5. Which Synology NAS to buy: Should I get a used server? If so, what model year?
As mentioned at the beginning, the Synology NAS server can last very long. That said, if you want to try it out, getting a used or older model is a great idea.
Generally, you want to get a model that can still run the latest version of the OS. DSM 7 supports all servers from the model year 2013 but DSM 7.1 is the last release that supports the model year 2015.
The point is if you want to get an older model today, it’s best to pick a 2016 or new server, though a 2013 or 2015 server will do.
For over a decade, I’ve always used Synology for my storage needs, which are pretty extreme in my day job. And that aspect of the business has always been fine and dandy.
A bit of anecdote: My very first Synology server, the DS410, was running when I first wrote the introduction piece on NAS in March 2018, as it had since 2010. And that old server is still running today as I’m writing this — it’s stuck at DSM 5.2 and it’s fun to check on it now and then to see how DSM has evolved. On top of that, I’ve had about a dozen other Synology boxes of various models, working 24/7 at multiple locations. That’s to say, Synology’s hardware truley lasts and reliably so.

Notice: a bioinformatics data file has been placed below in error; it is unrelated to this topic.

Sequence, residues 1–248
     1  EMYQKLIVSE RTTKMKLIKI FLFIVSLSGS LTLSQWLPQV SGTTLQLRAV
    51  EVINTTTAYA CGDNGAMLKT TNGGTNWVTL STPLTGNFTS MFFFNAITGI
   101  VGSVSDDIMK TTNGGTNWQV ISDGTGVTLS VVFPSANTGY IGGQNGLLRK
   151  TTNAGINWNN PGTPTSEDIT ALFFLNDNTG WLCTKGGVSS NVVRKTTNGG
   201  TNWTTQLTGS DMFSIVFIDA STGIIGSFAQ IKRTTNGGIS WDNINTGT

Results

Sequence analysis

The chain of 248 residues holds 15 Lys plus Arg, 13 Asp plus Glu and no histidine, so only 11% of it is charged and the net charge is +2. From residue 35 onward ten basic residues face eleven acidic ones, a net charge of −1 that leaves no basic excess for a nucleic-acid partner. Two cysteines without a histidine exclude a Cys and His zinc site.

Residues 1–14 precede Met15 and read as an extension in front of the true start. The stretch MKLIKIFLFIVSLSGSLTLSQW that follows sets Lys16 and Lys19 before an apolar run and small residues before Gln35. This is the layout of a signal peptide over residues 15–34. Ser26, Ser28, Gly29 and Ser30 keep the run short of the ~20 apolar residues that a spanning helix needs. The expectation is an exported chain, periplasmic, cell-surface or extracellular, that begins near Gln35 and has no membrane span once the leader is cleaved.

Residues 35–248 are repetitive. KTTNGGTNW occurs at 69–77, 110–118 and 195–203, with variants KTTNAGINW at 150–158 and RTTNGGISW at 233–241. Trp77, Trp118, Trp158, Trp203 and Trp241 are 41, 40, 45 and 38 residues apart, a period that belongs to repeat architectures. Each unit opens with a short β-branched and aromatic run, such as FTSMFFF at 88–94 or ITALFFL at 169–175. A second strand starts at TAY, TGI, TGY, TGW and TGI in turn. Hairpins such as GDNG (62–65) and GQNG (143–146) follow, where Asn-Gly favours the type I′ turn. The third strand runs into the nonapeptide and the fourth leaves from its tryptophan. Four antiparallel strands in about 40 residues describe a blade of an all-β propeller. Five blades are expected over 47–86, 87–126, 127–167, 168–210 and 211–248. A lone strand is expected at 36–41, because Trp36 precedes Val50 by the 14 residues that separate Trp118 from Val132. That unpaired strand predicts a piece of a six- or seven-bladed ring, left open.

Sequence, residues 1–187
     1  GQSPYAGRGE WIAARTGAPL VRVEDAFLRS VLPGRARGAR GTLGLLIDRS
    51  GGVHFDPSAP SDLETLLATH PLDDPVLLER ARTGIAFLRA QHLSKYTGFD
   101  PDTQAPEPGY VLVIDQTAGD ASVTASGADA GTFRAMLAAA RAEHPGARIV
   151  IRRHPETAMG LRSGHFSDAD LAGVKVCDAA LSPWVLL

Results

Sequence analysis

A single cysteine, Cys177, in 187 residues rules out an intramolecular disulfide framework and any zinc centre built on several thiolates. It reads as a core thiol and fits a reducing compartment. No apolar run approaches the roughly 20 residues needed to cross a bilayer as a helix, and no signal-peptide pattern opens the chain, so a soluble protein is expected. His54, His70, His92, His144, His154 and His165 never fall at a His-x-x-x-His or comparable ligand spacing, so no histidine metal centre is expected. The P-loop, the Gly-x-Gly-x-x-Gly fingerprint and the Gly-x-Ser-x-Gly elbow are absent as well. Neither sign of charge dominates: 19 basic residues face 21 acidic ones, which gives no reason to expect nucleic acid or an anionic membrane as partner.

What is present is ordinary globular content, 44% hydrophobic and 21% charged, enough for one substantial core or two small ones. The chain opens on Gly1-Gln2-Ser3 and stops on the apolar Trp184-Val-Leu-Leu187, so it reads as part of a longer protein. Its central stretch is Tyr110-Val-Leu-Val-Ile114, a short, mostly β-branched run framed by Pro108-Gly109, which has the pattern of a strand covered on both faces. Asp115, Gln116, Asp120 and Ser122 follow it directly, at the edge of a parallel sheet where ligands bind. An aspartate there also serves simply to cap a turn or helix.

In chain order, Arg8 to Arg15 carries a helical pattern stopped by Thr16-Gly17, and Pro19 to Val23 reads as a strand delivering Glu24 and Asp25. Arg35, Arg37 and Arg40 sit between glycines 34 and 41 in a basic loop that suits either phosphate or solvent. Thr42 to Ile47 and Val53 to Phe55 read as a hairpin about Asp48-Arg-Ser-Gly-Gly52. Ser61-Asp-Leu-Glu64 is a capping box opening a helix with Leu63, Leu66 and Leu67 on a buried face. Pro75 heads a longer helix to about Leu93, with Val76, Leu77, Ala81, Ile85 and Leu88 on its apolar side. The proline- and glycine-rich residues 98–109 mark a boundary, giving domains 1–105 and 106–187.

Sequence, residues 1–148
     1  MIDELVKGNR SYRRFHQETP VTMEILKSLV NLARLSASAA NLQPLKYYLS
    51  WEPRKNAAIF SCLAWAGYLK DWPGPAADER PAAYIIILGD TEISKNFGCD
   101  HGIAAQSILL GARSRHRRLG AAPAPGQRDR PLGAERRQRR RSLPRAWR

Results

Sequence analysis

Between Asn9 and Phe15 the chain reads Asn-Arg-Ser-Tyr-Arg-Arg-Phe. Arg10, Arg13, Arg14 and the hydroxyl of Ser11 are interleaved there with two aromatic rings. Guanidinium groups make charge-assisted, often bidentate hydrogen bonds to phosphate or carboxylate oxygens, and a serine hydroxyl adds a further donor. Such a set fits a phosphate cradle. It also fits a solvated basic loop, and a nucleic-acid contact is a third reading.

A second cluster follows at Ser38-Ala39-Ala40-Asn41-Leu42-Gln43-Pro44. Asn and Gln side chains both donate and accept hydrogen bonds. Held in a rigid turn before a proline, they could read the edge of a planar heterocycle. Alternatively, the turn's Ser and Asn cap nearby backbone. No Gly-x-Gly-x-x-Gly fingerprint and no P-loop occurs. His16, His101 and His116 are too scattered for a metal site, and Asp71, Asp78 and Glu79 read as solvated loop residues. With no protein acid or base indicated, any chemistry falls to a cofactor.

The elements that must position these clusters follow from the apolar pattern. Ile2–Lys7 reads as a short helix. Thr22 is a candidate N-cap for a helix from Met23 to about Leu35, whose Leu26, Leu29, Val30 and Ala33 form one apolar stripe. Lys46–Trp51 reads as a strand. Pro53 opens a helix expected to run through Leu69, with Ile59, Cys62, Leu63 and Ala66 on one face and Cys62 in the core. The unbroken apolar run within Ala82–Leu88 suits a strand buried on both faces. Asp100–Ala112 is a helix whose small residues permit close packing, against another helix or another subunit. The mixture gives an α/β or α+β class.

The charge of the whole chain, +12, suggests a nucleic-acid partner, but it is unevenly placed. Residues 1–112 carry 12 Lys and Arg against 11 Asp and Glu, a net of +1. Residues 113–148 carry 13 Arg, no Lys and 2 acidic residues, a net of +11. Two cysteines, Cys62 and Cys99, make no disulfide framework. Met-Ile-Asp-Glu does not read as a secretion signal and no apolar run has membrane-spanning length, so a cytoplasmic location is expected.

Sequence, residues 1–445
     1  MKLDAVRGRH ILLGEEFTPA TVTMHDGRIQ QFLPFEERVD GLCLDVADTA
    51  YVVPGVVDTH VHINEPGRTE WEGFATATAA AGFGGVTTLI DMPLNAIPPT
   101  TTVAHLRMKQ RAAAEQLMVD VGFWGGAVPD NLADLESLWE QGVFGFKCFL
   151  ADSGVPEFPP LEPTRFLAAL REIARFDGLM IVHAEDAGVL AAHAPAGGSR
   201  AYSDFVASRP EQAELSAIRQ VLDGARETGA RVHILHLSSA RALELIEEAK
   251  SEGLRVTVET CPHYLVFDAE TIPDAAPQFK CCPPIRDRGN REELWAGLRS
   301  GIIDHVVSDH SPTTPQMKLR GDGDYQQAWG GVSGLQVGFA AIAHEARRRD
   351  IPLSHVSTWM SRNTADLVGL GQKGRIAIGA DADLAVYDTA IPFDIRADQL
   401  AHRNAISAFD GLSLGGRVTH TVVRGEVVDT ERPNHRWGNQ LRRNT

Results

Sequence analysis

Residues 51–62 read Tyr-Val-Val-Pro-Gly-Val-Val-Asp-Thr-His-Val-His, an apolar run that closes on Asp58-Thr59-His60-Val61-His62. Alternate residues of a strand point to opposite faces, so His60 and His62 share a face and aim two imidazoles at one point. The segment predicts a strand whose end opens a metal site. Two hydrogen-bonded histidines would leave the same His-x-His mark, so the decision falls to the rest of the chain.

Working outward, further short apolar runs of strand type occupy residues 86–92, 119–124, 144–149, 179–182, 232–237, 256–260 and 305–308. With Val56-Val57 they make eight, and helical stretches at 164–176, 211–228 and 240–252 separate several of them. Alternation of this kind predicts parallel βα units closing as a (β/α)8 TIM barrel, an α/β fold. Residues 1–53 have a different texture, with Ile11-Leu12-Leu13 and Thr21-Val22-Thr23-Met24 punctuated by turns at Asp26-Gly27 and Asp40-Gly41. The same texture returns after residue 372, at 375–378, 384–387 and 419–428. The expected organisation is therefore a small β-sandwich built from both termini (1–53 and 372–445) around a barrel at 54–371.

If you’re thinking of getting your first Synology NAS server today, I’d recommend a go-ahead.
Pick a server with the number of drive bays that fit your needs and budget. You can even buy a used one or an older model — as old as those released 6 or seven years ago — and rest assured that the experience will be comparable to any brand-new server released this year.
And in the future, when you’re ready to move up, the process will be as easy as moving the drives from the old server over. I’ve done that dozens of times.